The PCM joining technique relies on the presence of a thin coating of polymer on the surface of the aluminium alloy prior to welding. To optimise adhesion of the coating, it is preferable to surface pretreat the aluminium alloy. The two pretreatments selected for this investigation were phosphoric acid anodising and silane coupling agents.

Phosphoric acid anodising creates a hard, porous layer on the surface of aluminium alloy [4] . This is believed to enhance adhesion by providing mechanical keying and improved chemical bonding.

Silane coupling agents produce a chemical link between inorganic and organic surfaces which is known to enhance adhesion. [5]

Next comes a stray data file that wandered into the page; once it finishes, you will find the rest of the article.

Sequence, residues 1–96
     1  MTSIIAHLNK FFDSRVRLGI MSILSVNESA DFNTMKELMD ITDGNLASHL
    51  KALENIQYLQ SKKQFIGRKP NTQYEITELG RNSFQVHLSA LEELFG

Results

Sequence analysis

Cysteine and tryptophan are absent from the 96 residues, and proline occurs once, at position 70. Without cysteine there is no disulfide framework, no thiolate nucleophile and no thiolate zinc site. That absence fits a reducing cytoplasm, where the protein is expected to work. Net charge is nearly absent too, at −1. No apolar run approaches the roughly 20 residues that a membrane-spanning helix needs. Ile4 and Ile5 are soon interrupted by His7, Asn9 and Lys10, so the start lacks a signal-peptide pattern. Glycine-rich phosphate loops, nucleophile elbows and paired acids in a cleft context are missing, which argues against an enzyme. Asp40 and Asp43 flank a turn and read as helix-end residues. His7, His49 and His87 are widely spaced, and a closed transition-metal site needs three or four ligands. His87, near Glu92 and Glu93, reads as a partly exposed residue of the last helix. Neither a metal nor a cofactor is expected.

The procedure for each process was as follows:

Phosphoric Acid Anodising - Specimens were degreased with acetone and immersed in an alkaline cleaner. Etching involved immersion in a solution comprising 50g CrO 3, 300g H 2SO 4 and 810cm 3 distilled water at 65°C for 15 minutes. Specimens were rinsed for 2 minutes in distilled water before being anodised in orthophosphoric acid: a 10% by weight solution was used and a constant voltage of 10V maintained for 25 minutes. The specimens were rinsed in cool mains water and dried at 60°C in an air circulating oven for 20 minutes.

Silane Coupling Agent - Specimens were degreased in acetone and grit blasted using alumina grit grade NK280. The specimens were then degreased once more using acetone. The blasted surfaces were dipped into a 1% (by volume) solution of A-1100 aminosilane ( δ-aminopropyltriethoxysilane) to distilled water, for 60 seconds and then dried in an air circulating oven at 100°C. The silane A-1100 was selected for its ability to bond with PES. [5]